3. He leveraged social proof.

Perhaps the best strategy employed at the event was utilizing social proof, or the human tendency to look to what other people think in order to ascertain what is correct. Not only was everyone there because of someone else, they all stayed because of these relationships. I will admit that I stayed for two and a half hours because I was sensitive to how Linda might feel if I left early from the fifth row. Remarkably, not one person left early throughout the entire presentation.

4. He disarmed skepticism with humour and acknowledgment.

One of the presenter’s greatest skills was his ability to disarm the audience’s natural skepticism through humour and well-timed interjections of empathy. Multiple times throughout the presentation, the speaker would endear the audience to him by saying something funny. He would then follow this up with the acknowledgement that we didn’t have to agree with him – we merely had to be open to new ideas and “be brave enough to have faith.”

5. He was likeable and good looking.

One of the presenter’s advantages was that he was both good looking and likeable. What person doesn’t like a values-based dad who builds his kids ice hockey rinks in their backyard?

Final Thoughts

While it would be rewarding to ship all the charlatans in the world off to an island and forget about them, society allows for no such recourse. Governments have historically been unable to keep up with the various ways these individuals have misguided others which is part of the reason financial frauds and miscreants remain prevalent. Unfortunately, we cannot afford to place sole responsibility on our public leaders’ shoulders. Individuals must foster a skeptical mindset in order to detect deception.

It would be remiss of me, however, to leave on that note. Because while our team fundamentally believes that skepticism is a useful trait in investing and in life, we still get very frustrated at the number of shysters out there.

After the presentation, I mused on the nature of my own vexation. It was not the wasting of time that irked me the most; it was the blatant misguiding of people. The vast majority of the audience appeared to be young, impressionable individuals – many of whom, I’m sure, could amount to much more in life than being the next layer in a pyramid.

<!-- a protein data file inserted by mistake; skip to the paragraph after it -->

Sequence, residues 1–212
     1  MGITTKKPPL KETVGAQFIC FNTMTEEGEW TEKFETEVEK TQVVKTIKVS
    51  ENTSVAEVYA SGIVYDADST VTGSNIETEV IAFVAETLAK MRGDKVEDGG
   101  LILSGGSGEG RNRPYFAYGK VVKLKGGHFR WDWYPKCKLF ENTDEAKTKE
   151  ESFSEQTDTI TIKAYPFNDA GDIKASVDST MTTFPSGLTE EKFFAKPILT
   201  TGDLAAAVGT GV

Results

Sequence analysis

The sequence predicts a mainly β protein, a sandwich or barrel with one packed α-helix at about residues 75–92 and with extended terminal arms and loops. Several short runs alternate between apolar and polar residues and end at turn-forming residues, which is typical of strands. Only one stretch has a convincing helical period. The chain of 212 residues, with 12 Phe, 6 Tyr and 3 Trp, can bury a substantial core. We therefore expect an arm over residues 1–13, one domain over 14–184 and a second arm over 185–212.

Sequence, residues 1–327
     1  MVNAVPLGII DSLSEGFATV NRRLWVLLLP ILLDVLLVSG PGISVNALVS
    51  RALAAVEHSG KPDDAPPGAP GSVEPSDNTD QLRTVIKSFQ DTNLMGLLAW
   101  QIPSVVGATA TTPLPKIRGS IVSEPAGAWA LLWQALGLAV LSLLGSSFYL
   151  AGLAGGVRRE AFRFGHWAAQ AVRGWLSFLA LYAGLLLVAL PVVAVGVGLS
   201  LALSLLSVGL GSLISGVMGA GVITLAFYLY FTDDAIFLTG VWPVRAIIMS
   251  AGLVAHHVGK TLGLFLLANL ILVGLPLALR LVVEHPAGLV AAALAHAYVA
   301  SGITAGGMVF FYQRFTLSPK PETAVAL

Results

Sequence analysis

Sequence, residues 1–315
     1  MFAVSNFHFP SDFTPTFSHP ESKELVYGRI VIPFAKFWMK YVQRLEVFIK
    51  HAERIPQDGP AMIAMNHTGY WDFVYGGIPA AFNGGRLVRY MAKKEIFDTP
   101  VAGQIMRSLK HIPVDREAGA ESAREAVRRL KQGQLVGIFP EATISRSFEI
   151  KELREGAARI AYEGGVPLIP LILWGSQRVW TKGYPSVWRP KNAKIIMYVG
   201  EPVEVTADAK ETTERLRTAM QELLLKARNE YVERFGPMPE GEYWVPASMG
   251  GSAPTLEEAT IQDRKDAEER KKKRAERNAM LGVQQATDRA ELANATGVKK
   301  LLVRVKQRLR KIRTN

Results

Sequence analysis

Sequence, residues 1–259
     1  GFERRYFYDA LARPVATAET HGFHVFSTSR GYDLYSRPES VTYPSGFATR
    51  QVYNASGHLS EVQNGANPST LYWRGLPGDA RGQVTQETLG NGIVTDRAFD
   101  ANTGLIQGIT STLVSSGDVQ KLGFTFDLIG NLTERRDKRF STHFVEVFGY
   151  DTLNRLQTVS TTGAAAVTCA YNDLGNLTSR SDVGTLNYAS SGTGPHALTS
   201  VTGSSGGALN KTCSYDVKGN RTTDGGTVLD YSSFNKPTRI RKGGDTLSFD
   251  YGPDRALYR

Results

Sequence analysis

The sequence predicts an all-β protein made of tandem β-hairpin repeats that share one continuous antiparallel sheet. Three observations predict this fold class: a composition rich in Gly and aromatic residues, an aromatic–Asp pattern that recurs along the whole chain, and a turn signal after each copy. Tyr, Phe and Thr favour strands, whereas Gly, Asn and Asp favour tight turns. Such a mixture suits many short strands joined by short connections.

Comments

  • David Sovie 10/03/2015 7:08pm (5 years ago)

    I really appreciate Kara Lilly's mind and articles. I watched a YouTube TED talk that reminded me of the kind of mind she might have. It is called "What does wrong feel like" It is done by a young graduate woman whose name I forget. The blurb is about 17 minutes long. Perhaps she can find it.
    Any way it is reassuring to know that Mawer is staffed by such high calibre people such as Kara.

  • Cliff Hrankowski 13/11/2015 6:00pm (4 years ago)

    My first exposure to a pyramid scheme was being a paper boy . It was a five year investment of time and extreme energy delivering 25 papers each night from one end of a small town in Manitoba to another. The winters were brutal . I call those 5 years my MBA years . I learned more from walking through snowdrifts contemplating the merits and deficiencies of my business plan. Commitment to my customers was paramount . Reputation was everything. I was developing a formula for success . So why do I call this little business a pyramid scheme. It forced me at a very young age to think critically. To question motives and to not easily be taken in by the pleasant words of others. "SNOWDRIFTS" more than frozen water.

Join the Discussion

Stay Curious

Subscribe to receive our latest insights and quarterly updates.


Popular Posts

Playing the plan: Mawer’s Canadian equity portfolio | EP49

Investing: The infinite game

Technical debt | EP48

Columbia Business School interviews Mawer CIO


Categories

(Not) Boring Links

Business Models

Investment Approach

Mental Models

Risk

This blog and its contents are for informational purposes only. Information relating to investment approaches or individual investments should not be construed as advice or endorsement. Any views expressed in this blog were prepared based upon the information available at the time and are subject to change. All information is subject to possible correction. In no event shall Mawer Investment Management Ltd. be liable for any damages arising out of, or in any way connected with, the use or inability to use this blog appropriately.

Stay curious

Subscribe to receive our latest insights and quarterly updates.